According to Shannon & McCall Consulting, Ltd. (n.d.), there is a trend of research on the topic of effective teacher in-service education programs, and the information "can be applied to the acquisition of technology skills, knowledge, and beliefs" (www.schoolfile.com). Characteristics of an effective in-service program are as follows:
* Teachers, in-service planners, school principals, guidance counselors, parents, school members, and local science and technology professionals are involved in the process.
* A focus on program-related tasks should be maintained.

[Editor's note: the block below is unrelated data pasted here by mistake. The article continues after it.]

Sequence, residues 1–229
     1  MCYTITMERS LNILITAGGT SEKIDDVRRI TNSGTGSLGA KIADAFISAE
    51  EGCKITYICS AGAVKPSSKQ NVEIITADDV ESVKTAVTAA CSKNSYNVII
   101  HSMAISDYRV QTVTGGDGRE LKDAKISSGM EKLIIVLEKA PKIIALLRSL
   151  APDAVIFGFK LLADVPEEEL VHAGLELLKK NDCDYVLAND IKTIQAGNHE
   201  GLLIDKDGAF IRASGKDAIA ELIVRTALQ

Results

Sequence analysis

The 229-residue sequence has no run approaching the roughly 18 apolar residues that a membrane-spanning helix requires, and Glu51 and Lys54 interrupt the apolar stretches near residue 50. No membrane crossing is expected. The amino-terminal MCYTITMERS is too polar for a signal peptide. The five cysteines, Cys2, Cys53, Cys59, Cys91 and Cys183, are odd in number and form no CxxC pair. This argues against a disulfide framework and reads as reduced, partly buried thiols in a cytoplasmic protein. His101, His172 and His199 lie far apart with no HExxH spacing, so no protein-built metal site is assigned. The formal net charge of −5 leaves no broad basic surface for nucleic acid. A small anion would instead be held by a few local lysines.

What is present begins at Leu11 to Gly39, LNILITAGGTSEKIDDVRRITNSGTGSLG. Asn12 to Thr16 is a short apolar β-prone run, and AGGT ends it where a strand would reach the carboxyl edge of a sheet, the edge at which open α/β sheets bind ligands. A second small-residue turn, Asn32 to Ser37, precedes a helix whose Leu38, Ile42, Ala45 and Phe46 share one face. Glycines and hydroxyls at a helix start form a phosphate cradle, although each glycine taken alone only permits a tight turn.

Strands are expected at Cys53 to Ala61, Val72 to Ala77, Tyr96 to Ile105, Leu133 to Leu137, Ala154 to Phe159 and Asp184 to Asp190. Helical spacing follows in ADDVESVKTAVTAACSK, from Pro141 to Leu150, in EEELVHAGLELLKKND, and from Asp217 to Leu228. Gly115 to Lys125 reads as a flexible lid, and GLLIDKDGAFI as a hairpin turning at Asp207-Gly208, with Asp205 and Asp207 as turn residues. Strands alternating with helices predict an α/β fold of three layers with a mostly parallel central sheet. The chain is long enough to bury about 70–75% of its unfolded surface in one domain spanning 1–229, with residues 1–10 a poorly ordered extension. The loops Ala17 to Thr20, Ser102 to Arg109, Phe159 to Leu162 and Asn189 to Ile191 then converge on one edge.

* Theory, demonstration, practice, feedback, and coaching should be included.
* Several sessions should be provided with intervals between for follow through.
* A variety of formal and informal elements such as workshops, teacher interactions, one-to-one assistance, and meetings should be provided.
* The concerns of teachers, which focus on feelings, attitudes, and perceptions, should be the primary focus.
* Program participants should be given recognition.
* Independent study and self-instruction should be used extensively.
* In-service education programs should be led by resource people in determining the design and content of programs.
* A variety of instructional techniques should be used including observation of classroom practices,...